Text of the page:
"Someone deprived of their liberty, should never be allowed to die of hunger or ill-treatment," said the UN High Commissioner for Human Rights, Navi Pillay. "It is the responsibility of the State to keep prisoners alive and in good health, in accordance with international standards. The very serious and persistent problems surrounding detention conditions in the DRC need to be addressed without further delay."
Read more: UN News Centre <>  13/03/01

Bangladesh [ongoing violent protests in Bangladesh]
Lord Hussain to ask Her Majesty's Government what assessment they have made of the human rights situation in Bangladesh, in the light of recent reports of fatal shootings of demonstrators by Bangladeshi police; and whether they have made representations to the Government of that country encouraging them to exercise restraint.

The Senior Minister of State, Department for Communities and Local Government & Foreign and Commonwealth Office (Baroness Warsi): The Government are very concerned about the ongoing violent protests in Bangladesh. We have called for restraint both publicly and privately with the Bangladesh Government. Our high commissioner in Dhaka, Robert Gibson, met with the Bangladesh Government, including the Foreign Minister, Dipu Moni, this week to raise our concerns. He also released a statement on 3 March expressing sadness over the violence and the deaths that have taken place across Bangladesh recently.

All citizens have a right to hold their Government to account, including through legitimate and peaceful protests. But violence and vandalism have no place in legitimate protests. The economic and social cost of strikes and other forms of disruption is damaging to individuals, business, and the nation. As I said when I visited Bangladesh in February, I hope that parties can resolve their differences through dialogue and discussion and that citizens are able to freely raise their concerns or grievances through peaceful means, without fear of retaliation or attack.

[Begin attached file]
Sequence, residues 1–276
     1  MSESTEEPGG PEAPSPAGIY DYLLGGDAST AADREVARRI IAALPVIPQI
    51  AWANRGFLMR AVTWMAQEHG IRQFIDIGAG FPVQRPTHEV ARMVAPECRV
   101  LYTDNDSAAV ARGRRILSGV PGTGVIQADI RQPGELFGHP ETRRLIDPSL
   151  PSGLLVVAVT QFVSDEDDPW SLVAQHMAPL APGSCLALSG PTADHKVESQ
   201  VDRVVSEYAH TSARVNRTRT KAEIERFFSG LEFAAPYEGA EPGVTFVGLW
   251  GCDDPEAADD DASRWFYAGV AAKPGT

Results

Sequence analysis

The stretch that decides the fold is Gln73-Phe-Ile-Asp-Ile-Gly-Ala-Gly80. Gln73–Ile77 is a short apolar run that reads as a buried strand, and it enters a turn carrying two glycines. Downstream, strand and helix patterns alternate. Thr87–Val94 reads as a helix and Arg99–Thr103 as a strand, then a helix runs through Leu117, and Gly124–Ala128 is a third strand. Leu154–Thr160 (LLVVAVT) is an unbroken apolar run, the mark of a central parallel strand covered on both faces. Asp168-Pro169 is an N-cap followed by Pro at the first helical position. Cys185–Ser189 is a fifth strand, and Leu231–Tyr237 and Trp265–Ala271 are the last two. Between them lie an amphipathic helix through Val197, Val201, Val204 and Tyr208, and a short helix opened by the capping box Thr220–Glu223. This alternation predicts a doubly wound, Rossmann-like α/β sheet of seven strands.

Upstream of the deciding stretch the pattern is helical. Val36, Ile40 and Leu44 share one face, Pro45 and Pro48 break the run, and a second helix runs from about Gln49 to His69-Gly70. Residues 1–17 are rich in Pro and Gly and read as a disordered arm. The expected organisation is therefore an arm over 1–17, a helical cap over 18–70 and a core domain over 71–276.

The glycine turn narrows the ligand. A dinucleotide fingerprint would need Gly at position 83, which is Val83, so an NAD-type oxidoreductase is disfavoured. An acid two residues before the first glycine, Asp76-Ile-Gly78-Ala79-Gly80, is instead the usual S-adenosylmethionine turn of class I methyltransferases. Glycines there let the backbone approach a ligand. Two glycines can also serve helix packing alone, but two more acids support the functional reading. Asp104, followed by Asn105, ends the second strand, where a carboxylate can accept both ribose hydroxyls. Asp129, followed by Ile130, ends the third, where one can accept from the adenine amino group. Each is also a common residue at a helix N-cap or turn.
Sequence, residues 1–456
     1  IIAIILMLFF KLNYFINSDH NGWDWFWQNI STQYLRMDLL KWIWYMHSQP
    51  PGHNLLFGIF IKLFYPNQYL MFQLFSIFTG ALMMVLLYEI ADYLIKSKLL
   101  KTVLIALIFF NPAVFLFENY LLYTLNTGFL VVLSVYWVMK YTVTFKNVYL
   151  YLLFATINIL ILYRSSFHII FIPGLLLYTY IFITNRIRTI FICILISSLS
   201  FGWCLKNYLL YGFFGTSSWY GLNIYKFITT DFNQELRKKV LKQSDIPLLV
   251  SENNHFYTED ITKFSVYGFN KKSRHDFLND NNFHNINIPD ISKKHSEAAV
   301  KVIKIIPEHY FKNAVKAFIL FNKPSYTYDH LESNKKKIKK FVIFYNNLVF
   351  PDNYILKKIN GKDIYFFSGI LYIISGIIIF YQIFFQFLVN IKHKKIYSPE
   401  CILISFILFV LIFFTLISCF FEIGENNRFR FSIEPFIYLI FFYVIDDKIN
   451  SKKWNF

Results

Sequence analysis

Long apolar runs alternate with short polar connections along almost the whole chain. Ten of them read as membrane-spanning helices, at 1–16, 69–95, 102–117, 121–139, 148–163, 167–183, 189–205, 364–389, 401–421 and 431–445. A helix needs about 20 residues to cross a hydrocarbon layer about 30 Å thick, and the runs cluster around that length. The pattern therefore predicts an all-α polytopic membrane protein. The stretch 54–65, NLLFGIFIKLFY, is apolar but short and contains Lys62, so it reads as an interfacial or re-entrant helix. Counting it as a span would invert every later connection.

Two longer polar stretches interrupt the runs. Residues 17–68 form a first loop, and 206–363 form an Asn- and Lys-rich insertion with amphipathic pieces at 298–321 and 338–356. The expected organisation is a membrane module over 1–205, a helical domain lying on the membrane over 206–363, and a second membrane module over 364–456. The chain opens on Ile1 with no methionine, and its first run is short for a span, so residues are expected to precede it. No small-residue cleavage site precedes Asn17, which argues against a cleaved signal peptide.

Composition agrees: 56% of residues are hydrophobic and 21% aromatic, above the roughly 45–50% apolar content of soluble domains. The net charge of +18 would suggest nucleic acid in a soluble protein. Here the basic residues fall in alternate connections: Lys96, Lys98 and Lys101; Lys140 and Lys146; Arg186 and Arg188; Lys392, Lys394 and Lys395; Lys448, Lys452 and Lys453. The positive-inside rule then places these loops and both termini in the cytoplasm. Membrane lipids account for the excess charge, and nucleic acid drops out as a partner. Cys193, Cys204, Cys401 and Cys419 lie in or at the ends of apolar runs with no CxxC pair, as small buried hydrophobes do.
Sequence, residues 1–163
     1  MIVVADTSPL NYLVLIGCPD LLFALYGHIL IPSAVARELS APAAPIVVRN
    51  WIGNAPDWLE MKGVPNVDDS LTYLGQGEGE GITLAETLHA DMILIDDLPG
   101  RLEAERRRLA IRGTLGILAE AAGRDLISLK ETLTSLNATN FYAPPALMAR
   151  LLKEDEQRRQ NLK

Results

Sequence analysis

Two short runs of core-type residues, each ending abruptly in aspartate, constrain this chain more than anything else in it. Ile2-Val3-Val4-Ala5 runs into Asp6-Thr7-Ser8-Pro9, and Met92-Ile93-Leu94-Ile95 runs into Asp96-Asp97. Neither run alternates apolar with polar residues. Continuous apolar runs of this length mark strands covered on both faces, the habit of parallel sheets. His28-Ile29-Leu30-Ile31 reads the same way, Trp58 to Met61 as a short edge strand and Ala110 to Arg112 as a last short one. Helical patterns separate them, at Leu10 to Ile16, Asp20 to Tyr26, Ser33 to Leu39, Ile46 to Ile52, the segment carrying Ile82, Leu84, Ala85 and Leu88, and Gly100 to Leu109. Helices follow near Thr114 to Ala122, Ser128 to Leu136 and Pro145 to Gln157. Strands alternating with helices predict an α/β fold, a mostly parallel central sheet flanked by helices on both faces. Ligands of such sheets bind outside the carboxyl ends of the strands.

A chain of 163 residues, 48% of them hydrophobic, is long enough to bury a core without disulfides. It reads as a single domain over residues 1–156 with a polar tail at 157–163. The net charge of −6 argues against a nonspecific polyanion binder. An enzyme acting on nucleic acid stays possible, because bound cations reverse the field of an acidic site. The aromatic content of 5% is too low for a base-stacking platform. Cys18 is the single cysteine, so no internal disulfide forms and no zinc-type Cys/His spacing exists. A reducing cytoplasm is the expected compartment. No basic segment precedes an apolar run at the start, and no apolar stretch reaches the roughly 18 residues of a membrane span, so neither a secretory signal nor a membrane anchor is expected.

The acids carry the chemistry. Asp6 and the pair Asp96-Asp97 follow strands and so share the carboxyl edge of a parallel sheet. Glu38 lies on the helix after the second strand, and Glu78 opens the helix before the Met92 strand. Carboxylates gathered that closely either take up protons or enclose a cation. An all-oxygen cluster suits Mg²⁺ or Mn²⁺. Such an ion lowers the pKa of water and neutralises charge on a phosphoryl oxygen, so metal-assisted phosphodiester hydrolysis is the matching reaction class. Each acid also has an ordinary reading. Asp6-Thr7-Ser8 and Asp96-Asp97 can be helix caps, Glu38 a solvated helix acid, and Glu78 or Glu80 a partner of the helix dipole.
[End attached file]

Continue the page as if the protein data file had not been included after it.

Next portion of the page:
<> House of Lords / 11 Mar 2013 : Column WA3

Hassanat Aliyu and her Daughters Have Left the UK
"My children do not know where they are, we can't stay in Nigeria. Why has the British government treated us like this?" Hassanat speaking from Nigeria. Tyneside Community Action Against Racism would like to thank everyone who has been involved in this public, political campaign to stop their deportation. This is a very sad time for us all. We must remember that with one person being deported from Britain every eight minutes. We need to continue campaigning against all removals from the UK.

'Shameful' Failure To Tackle Slavery/Human Trafficking in the UK
Ministers, the police and social workers have been accused of a "shocking" failure to prevent the spread of modern slavery in the UK, leading to sexual exploitation, forced labour and the domestic servitude of adults and children from across the world.

Describing government ministers as "clueless" in their response to tackling human trafficking, both into and within the UK, the most exhaustive inquiry yet conducted into the phenomenon concludes that the approach to eradicating modern slavery is fundamentally wrong-headed. Instead of helping vulnerable victims who are trapped into forms of slavery after being trafficked from overseas, the legal system prosecutes many for immigration offences.

Inquiry outlines 80 recommendations, including appointing an independent commissioner and new legislation to protect victims
Read more: <>The Observer, 09/03/13